We had our 2nd full committee meeting via phone conference since the last one was cancelled due to Hurricane Sandy in Washington DC area.
The goal was to finish the national strategic plan for 2012 that will be submitted to the administration and Congress by end of the year. This plan has 7 questions that we tried to update via new research that has taken place nationally/globally in the last 18 months which is when the last Autism update was published.
First, given that we are the Federal Autism Advisory Committee, most members felt compelled to write a press release about the Sandy Hook Massacre in CT since there were speculations the shooter had a form of autism “aspergers“. John Robison volunteered to write which then the rest of the committee voted for it. That is now online at;
After that we listened to one oral public comment from an autism mom and discussed the highlights of the over 100 pages of public comments we got. Then, we started to go through all of the 7 questions in this phone call that lasted from 10am til 3pm, really long phone chat.
Here are the chapter headings;
1. Diagnoses, 2. Biology, 3. Risk Factors, 4. Treatment and Interventions, 5. Services, 6. LifeSpan and 7. Infrastructure and Surveillance.
The final plan will be posted online at NIH website under the IACC section. I was on the subcommittee for questions 5 and 6 (services and lifespan especially adults with autism).
Basically, Autism services are scarce, limited, not a whole lot of research behind them and very confusing and if you are a minority or low income family, it is even worse. The only new research for autism therapy with some research which at best is modest was the EDSM. This seemed to help toddlers when they received up to 20 hours of intensive therapy and up to 5 hours of parent training. That was my take. I was also very much interested in chapters 3 and 7 which talked about risk factors for autism. Obviously, as a Somali autism mom, I think there is a higher risk factor in our community and in other immigrant communities when they migrate to developed nations. There were couple of studies mentioned with the help of committee member Matt Carey which were interesting and you can read them at below links.
The last question was also very interesting for me to discuss because it mentions the Somali Autism Surveillance Study now being conducted by almost non Somali researchers and data collectors which in my humble little opinion is being done to tell us that what we see with our eyes that autism is really really really high in our community is really not true and we are seeing nothing.
This chapter was also to talk about the ADDM Network which I guess is now only 12 states, down from 14 and is where we get the number of 1 in 88 kids in the USA have autism. Think about that, a dozen states have this surveillance system that we reference so much. To make matters worse, some states have the numbers even higher like Utah where the number is 1 in 47 kids have autism. And others have really low like in AL where the number is 1 in 210 kids have autism. Yet, CDC fails to answer a simple a question from IACC members and members of Congress of why are the numbers so high in some states and so low in others? Why is this question so hard for CDC to answer, aren’t they the surveillance experts, the Center for Disease Control and Prevention? how about controlling and preventing autism would be my advice. I think CDC needs to give all of us a candid and honest take of what is happening and why the dramatic increase of autism. I was very disappointed by their explanation of this huge concern for so many.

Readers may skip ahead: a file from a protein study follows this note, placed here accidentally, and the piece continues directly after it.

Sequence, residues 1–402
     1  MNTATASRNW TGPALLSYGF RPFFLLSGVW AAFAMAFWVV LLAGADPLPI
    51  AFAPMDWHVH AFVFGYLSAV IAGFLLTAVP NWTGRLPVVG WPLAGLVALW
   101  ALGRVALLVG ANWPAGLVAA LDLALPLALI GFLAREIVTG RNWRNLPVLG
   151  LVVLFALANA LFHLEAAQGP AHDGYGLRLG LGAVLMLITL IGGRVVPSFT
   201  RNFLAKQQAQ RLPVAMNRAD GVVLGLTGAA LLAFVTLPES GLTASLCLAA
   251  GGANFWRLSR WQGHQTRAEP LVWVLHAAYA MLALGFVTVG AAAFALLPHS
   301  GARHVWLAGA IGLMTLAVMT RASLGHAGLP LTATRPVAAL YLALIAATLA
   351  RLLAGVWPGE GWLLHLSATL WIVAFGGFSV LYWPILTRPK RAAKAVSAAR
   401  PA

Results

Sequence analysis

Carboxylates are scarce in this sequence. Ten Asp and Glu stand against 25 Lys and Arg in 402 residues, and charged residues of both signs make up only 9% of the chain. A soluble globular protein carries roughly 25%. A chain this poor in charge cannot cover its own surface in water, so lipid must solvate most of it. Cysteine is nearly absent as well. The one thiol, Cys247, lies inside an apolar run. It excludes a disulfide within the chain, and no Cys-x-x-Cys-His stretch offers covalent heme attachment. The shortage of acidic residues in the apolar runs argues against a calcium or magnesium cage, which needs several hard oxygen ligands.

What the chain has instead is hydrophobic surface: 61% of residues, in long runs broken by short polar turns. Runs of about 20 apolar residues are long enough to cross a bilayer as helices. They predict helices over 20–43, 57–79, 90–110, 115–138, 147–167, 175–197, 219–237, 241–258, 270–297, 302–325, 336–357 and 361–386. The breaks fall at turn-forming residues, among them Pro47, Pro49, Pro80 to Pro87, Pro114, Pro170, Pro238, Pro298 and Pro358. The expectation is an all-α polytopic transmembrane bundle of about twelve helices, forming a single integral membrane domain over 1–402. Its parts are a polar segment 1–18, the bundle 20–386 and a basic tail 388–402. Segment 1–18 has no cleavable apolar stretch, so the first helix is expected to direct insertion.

In sum, I think as the new rookie adviser in this commi
ttee we need to really tackle not just what research tells us which is good and can drive policy, but equally important is what services and resources are now available and/or what can we recommend for the millions of families dealing with autism today and can not wait for some future research.
In addition, we need to take on the other charge of how well are Federal agencies collaborating with each-other for autism services. I think we are failing here for many reasons because there does not seem to be a whole lot of cooperation or collaboration between agencies even within U.S HHS and especially the agencies that provide services and resources.
In my minute and half of advocating I have found out that when you ask a Federal agency a simple question – their usual answer is so vague you get more confused and even a headache. I kid you not, sometimes when I am about to call a Federal agency, I take two tylenol and drink at least two cups of Somali tea because even if I ask – is it snowing outside today which sounds simple – yes or no, but they would say something like “well that is an interesting question and we would be happy to answer it, but right now we don’t have the funds for it, it is not part of our charge, we can’t say it conclusively and my favorite – we are now collaborating with the weather man across the street and we are very excited about that.” uhhhhhh… if you think I am kidding – I am not. Really they can give you a headache.
I always thought state agencies were slow, oh boy was I wrong – Federal agencies make them look like an olympics runner.
Thanks for reading this post.
Idil – Somali Autism Mom.